Student Spotlight

Peter Lee
University of Oxford
Atomic and Laser Physics Group



Q: What initially attracted you to biophysics?

Biology. In particular, understanding biological phenomena quantitatively and developing new tools for probing cells and tissues were aspects of biophysics that initially got me excited about the field.

Q: What specific areas are you studying?

Cardiac electrophysiology.

Q: What is your current research project?

My current research projects include developing new methods of optically measuring multiple electrophysiological parameters simultaneously at high-speeds and electromechanically stimulating cardiac tissue constructs in culture.

Q: What do you hope to do after graduation?

I hope to continue to develop cardiac electrophysiology tools for in vitro applications and, ultimately, in vivo applications in either an industrial or academic setting (or both).

Q: If you could give one piece of advice to someone just starting their undergraduate science career, what would it be?

Work in a field and environment where your interests and scientific development are both strongly supported.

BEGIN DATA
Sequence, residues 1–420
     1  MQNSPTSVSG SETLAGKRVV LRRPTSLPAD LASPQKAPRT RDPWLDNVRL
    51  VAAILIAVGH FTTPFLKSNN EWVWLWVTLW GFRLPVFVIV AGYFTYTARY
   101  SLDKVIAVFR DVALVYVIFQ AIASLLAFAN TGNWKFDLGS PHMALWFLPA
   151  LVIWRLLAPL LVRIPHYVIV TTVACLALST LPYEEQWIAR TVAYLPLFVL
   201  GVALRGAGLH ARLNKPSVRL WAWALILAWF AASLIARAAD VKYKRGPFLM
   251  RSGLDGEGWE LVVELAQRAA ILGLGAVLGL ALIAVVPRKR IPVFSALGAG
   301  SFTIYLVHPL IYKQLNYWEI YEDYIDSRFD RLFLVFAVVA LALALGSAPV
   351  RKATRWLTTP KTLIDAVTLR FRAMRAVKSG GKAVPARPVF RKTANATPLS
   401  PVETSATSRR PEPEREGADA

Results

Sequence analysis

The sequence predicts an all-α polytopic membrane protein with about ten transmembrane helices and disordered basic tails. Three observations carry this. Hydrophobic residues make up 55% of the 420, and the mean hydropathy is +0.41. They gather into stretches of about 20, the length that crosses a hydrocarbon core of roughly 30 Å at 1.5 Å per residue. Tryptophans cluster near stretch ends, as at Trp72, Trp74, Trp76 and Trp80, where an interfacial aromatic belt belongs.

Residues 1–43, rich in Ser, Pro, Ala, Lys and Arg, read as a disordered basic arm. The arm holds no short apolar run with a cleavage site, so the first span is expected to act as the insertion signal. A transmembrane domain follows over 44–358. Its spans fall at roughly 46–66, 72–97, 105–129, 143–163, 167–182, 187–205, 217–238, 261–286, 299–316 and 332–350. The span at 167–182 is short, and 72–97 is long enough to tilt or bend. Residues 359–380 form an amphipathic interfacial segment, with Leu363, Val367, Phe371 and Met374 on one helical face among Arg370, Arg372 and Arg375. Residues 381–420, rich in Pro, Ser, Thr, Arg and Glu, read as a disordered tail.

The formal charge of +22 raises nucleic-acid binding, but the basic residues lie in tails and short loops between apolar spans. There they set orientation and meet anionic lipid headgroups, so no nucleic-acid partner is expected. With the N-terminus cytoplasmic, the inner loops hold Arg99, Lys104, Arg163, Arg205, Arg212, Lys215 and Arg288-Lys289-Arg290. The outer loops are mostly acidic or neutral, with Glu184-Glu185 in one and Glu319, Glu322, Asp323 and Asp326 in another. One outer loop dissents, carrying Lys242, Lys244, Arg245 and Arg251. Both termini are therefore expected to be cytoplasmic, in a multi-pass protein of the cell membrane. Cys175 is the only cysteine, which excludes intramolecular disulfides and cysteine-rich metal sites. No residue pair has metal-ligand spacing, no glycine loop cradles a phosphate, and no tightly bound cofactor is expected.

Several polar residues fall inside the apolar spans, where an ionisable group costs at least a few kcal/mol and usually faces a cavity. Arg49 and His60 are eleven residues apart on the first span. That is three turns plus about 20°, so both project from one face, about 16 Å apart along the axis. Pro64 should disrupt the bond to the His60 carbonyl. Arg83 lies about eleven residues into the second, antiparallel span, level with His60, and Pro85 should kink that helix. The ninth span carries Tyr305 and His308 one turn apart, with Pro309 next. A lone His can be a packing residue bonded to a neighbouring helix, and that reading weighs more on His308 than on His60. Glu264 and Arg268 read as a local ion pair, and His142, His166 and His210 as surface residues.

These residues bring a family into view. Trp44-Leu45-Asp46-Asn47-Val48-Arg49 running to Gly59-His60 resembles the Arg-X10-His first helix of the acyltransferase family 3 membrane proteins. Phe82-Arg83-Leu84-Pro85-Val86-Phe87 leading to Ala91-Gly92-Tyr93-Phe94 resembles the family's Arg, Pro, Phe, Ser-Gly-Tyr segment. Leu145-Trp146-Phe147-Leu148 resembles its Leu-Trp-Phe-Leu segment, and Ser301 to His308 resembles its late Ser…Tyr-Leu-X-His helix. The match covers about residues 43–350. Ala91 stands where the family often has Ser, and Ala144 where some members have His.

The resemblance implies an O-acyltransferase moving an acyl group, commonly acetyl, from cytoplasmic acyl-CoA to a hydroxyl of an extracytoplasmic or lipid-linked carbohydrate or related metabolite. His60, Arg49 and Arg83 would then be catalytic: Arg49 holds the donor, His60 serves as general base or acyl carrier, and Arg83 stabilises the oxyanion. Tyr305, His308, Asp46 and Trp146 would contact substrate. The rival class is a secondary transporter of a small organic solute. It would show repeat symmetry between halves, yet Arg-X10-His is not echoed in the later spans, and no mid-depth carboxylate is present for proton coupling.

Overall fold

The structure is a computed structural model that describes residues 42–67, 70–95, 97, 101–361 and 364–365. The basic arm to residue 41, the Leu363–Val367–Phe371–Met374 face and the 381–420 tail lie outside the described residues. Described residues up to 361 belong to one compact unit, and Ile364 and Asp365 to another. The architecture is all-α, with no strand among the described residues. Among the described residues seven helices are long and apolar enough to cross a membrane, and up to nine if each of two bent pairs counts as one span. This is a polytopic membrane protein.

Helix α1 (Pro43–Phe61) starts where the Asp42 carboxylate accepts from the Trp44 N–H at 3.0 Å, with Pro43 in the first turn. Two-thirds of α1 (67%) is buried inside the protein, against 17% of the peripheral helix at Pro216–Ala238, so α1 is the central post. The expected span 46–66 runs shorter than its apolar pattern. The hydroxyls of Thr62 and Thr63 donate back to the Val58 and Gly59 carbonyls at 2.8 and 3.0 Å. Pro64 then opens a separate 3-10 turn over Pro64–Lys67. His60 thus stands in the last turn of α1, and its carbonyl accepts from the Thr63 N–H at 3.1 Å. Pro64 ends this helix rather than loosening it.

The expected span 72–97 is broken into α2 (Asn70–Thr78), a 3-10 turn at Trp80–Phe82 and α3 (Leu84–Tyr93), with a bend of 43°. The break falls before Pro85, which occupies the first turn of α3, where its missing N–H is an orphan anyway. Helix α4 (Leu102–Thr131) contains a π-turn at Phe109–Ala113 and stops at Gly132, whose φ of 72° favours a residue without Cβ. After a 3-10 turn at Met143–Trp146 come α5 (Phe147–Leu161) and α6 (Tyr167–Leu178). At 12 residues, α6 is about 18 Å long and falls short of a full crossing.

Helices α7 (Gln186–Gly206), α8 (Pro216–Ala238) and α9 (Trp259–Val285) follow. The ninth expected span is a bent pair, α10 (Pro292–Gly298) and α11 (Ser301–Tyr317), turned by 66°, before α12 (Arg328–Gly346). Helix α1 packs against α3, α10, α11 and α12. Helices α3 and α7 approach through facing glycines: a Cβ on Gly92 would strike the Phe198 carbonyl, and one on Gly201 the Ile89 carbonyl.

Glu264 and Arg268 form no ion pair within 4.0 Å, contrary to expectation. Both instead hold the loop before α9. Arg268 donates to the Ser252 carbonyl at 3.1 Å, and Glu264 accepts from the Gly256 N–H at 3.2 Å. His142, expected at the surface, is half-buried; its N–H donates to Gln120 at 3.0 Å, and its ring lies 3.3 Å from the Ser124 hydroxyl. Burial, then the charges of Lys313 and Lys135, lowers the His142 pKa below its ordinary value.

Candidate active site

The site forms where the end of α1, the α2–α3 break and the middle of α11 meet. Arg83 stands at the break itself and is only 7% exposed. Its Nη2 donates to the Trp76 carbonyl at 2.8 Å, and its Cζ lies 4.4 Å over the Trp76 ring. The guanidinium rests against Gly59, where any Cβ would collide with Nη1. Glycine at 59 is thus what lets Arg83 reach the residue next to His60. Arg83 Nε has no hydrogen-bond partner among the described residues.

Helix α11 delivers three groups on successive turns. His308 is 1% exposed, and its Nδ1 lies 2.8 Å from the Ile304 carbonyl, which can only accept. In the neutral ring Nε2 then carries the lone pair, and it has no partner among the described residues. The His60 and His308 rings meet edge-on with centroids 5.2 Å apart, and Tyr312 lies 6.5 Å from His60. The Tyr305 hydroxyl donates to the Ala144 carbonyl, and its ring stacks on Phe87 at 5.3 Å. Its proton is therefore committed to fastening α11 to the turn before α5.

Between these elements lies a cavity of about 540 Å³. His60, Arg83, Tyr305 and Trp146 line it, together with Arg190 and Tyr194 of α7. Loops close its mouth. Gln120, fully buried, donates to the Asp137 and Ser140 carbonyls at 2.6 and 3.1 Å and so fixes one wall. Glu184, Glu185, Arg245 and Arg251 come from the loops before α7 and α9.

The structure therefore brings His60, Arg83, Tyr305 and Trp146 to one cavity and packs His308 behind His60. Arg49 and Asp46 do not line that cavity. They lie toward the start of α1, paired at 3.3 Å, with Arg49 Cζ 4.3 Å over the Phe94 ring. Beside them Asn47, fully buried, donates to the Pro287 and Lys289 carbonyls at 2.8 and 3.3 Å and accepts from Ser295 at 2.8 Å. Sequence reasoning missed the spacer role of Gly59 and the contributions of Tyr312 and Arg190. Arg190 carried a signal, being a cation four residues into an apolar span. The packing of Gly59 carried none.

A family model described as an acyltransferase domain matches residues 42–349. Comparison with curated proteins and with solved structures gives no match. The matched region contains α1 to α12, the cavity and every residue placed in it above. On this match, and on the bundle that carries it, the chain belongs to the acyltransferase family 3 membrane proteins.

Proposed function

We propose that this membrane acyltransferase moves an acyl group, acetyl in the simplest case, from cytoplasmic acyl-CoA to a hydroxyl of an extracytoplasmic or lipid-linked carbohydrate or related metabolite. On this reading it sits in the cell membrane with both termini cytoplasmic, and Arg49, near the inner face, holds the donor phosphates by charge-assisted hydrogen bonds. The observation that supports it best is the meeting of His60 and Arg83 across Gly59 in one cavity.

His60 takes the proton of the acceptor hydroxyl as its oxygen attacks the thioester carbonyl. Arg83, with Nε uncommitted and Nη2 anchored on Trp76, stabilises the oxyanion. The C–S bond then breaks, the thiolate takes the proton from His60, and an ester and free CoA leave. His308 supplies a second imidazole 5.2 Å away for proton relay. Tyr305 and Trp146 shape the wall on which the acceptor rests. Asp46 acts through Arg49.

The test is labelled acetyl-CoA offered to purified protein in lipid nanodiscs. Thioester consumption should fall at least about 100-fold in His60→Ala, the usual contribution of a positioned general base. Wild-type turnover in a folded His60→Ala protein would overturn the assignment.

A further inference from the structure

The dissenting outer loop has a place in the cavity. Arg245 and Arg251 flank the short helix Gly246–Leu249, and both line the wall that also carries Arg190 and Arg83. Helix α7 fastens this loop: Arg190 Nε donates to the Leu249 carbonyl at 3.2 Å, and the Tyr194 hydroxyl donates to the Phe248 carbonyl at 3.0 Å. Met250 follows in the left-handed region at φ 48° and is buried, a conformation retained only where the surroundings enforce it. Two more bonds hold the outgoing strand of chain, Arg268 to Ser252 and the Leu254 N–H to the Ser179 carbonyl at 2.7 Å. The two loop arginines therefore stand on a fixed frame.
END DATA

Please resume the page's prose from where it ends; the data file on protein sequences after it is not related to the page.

Q: Why did you join the Biophysical Society?

To be a part of a network of scientists interested in the same sorts of scientific problems I’m interested in.

Q: What (or who) inspires you scientifically?

The colleagues I work with on a day-to-day basis and pioneers in my field, such as Professors Denis Noble and Leslie Loew.

Paul Ewart and Christian Bollensdorff, Lee’s PI’s, say:

“Peter’s work has had an exceptional impact in the field of cardiac electrophysiology where new approaches are urgently needed. In particular, Peter has introduced some novel methods that are highly cost effective, accessible to a wide range of research groups and, most importantly, are well-suited to addressing long standing questions. Peter is a highly self-motivated student, passionate about providing solutions to important problems using his technical expertise in electronics, optics and mechanics, together with computer control and analysis. Whilst gaining understanding of heart physiology he was able to identify efficient new ways to tackle the problems in the field using state-of-the-art techniques and bringing his own “can-do” approach. We have no doubt that he will continue to work effectively to improve the tool-kit for research in cardiac electrophysiology.”

August 2012 Table of Contents